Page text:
trump tower
Trump Tower was the scene of a flag burning after controversial statements by President-elect Donald Trump. Getty

It didn't take long for protestors to respond to President-elect Donald Trump's tweet calling for punishment for those who burn the American flag.

A video posted Tuesday (shown above) shows members of the left-wing NYC Revolution club dousing two small U.S. flags in accelerant and igniting them in front of Trump Tower in New York.

The angry display was in response to Trump's tweet early Tuesday, which said that flag burners could face one year in jail or lose their citizenship.

Burning the American flag, which is considered “symbolic speech,” is technically protected under the First Amendment.

Two incidents led to the act’s overturn. The first was the Texas v. Johnson case in 1984 when Gregory Lee Johnson torched the flag outside the Republican National Convention in a protest against Ronald Reagan. He tried to appeal his arrest and lost but later won when the Texas Court of Criminal Appeals ruled that Johnson’s actions were “expressive conduct,” according to Cornell University’s Legal information Institute.

The Supreme Court ruled 5-4 in Johnson’s favor. In response, Congress passed the Flag Protection Act, which states: "Whoever knowingly mutilates, defaces, physically defiles, burns, maintains on the floor or ground, or tramples upon any flag of the United States shall be fined under this title or imprisoned for not more than one year, or both.”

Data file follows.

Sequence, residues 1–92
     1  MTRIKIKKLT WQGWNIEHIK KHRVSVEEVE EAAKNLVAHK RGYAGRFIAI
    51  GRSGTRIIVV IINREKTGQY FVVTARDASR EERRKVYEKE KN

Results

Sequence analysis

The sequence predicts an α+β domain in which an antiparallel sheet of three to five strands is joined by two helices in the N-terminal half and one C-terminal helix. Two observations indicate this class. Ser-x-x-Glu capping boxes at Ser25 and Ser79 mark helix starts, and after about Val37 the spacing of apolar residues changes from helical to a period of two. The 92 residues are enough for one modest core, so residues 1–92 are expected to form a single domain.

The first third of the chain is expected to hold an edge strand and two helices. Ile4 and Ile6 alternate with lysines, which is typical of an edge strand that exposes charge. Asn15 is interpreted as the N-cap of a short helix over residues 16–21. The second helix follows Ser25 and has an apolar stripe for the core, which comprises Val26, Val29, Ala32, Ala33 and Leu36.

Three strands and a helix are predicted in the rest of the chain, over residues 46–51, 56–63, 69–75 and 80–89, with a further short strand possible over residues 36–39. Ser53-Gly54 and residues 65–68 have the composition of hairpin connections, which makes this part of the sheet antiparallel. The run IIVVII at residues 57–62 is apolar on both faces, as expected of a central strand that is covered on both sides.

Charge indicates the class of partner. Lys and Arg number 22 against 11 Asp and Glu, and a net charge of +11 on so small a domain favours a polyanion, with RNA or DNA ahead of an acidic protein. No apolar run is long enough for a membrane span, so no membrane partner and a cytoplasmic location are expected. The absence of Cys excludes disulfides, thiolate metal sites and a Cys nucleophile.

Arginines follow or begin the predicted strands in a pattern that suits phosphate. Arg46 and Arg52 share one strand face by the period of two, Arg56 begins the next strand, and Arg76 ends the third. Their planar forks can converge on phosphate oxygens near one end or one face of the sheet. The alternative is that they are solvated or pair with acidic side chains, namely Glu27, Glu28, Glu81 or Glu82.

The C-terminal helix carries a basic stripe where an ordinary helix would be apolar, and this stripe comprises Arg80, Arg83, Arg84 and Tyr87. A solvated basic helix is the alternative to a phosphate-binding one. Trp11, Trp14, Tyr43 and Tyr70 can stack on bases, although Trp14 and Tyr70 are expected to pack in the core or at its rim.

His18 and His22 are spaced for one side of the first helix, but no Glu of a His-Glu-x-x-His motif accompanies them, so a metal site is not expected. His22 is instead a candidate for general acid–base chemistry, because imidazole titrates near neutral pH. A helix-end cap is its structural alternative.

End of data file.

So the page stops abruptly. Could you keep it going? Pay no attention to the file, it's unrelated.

In 1990, demonstrators were again arrested for burning the flag and appealed to have their charges dropped. The case went to the Supreme Court, named United States v. Eichman. The court struck it down, stating that, "its asserted interest is related to the suppression of free expression and concerned with the content of such expression,” according to legal database Oyez.

Since then, Congress has made efforts to overturn the decision. In 2005, Hillary Clinton co-sponsored a bill that would make burning the American flag punishable by up to a year in prison and a $100,000 fine. In 2006, the Senate rejected by one vote a proposed constitutional amendment to overturn the Supreme Court decision.